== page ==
Despite the Silver State going mostly blue in the last few presidential cycles, Taylor believes Trump will win Nevada because of Sisolak's response to the pandemic. Taylor signed recall petitions for Sisolak at both the Pence and Trump rally.
Taylor brushed off worries some people have that Trump will not participate in a peaceful transition of power if he loses. He said he isn't worried about it because "for one thing, we're gonna win."
"This is a real turning point right now. Our democracy is on the line if we don't get Trump back in there and we don't get not enough Republicans in the Congress and so forth," he said. "This election's probably the most important one in our lifetime, because it's going to determine the direction that we're going in as a county."
Donnett Lewis, 48, and Rosa Hall, 60, Boulder City
Donnett Lewis, 48, would have camped out for the Pence rally if she could have. Instead, she settled on claiming the first spot in line before the sun rose.
A Boulder City resident of six years, Lewis said she used to be a part of the Tea Party, a subset of the GOP, and then was a registered nonpartisan but switched to the Republican Party in 2016 because of Trump. She thinks he is "amazing" and said he works nonstop, even while having COVID.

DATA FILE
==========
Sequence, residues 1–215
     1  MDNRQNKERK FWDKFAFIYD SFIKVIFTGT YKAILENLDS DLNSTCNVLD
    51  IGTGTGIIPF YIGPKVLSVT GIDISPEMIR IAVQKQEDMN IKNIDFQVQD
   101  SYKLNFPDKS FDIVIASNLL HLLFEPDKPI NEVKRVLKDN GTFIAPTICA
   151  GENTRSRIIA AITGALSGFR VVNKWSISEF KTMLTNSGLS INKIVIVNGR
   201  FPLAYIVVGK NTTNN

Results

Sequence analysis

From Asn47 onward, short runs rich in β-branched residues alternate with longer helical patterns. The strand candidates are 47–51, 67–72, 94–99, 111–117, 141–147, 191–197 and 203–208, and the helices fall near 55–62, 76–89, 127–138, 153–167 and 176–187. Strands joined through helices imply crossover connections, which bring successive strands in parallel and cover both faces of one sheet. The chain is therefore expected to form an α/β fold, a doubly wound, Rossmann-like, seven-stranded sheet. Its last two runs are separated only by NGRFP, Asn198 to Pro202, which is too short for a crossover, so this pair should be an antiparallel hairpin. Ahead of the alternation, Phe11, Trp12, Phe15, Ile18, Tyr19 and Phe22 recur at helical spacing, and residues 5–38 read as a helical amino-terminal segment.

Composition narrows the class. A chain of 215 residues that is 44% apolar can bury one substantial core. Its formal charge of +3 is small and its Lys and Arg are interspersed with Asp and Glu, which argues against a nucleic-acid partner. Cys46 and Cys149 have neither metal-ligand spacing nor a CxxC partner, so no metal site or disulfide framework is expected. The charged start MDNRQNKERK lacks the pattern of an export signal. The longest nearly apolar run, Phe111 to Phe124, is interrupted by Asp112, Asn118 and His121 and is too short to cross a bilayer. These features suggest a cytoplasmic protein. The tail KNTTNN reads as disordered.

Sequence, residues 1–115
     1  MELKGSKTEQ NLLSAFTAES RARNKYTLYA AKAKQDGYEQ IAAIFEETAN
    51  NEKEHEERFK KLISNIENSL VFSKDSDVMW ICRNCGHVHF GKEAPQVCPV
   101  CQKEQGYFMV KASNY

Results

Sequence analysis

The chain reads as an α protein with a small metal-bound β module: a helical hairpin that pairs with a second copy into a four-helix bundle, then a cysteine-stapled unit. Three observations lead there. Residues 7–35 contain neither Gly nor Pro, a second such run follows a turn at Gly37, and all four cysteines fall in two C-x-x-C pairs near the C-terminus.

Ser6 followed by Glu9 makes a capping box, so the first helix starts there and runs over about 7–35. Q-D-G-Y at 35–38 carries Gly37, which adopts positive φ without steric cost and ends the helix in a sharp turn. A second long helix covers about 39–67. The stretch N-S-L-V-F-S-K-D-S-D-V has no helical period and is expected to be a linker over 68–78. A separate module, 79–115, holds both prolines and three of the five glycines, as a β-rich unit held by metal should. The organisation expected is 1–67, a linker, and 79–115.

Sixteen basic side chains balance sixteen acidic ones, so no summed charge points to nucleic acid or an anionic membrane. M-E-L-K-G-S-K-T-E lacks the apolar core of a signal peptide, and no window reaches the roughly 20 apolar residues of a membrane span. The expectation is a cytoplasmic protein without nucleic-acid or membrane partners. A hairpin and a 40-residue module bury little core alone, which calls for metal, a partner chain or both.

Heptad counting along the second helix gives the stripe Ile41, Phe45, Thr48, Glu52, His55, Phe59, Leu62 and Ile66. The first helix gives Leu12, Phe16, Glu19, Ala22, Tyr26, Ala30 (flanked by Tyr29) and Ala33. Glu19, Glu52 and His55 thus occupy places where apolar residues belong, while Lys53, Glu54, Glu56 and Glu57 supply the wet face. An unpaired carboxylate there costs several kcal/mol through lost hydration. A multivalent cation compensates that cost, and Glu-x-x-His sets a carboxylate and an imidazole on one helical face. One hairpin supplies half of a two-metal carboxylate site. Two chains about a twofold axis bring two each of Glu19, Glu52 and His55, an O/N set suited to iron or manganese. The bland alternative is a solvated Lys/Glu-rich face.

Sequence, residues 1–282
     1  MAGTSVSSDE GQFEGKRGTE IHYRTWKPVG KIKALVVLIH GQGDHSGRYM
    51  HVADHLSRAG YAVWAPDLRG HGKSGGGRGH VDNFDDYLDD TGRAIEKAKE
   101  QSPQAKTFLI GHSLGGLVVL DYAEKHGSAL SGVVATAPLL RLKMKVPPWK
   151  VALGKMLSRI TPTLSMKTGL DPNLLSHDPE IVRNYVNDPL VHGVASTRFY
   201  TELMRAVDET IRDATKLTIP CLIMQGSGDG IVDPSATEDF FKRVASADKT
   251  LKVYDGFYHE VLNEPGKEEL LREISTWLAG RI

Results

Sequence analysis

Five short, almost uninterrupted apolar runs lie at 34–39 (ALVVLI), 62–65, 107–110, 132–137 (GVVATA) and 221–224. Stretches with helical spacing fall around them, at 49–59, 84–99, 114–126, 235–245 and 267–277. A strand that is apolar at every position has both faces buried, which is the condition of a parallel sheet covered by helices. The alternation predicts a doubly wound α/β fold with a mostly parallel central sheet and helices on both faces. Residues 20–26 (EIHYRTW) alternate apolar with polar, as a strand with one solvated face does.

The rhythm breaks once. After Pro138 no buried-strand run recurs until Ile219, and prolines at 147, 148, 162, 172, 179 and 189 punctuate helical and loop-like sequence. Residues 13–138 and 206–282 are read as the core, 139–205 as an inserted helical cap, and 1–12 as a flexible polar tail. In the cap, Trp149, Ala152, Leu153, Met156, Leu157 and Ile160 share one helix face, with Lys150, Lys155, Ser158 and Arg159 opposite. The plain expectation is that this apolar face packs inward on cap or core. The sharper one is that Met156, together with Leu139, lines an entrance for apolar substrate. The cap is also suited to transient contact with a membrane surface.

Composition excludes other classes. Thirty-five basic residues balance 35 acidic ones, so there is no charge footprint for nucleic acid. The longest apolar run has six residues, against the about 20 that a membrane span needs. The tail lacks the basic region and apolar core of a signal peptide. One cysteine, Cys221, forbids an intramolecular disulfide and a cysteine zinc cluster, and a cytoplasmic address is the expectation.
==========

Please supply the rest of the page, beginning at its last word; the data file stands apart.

Lewis' friend, Rosa Hall, passed on the pre-dawn adventure and joined Lewis later in the morning to support the Trump administration. Hall said her support for the Trump comes from his "1,001 accomplishments" in his first term and, most importantly for her as a Christian, his stance on abortion.
Hall, who has lived in Boulder City for two years after living in Colorado and growing up in Spain, said news about Trump's taxes hasn't affected her stance on the president and pointed to Trump's Nobel Prize nominations as evidence of the work he's done
"I could care less about the president's private affairs," she said. "I care about what he has done for the country."